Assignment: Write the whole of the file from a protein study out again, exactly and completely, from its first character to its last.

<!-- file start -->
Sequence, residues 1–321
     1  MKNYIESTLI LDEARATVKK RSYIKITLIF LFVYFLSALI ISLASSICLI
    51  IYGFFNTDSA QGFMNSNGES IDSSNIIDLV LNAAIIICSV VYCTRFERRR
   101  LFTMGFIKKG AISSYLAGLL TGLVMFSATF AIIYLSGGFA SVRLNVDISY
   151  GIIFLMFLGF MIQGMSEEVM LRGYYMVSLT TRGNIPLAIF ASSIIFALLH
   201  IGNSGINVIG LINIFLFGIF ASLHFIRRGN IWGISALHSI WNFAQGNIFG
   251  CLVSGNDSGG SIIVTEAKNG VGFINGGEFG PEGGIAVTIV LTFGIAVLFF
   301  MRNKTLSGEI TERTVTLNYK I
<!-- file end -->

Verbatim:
Sequence, residues 1–321
     1  MKNYIESTLI LDEARATVKK RSYIKITLIF LFVYFLSALI ISLASSICLI
    51  IYGFFNTDSA QGFMNSNGES IDSSNIIDLV LNAAIIICSV VYCTRFERRR
   101  LFTMGFIKKG AISSYLAGLL TGLVMFSATF AIIYLSGGFA SVRLNVDISY
   151  GIIFLMFLGF MIQGMSEEVM LRGYYMVSLT TRGNIPLAIF ASSIIFALLH
   201  IGNSGINVIG LINIFLFGIF ASLHFIRRGN IWGISALHSI WNFAQGNIFG
   251  CLVSGNDSGG SIIVTEAKNG VGFINGGEFG PEGGIAVTIV LTFGIAVLFF
   301  MRNKTLSGEI TERTVTLNYK I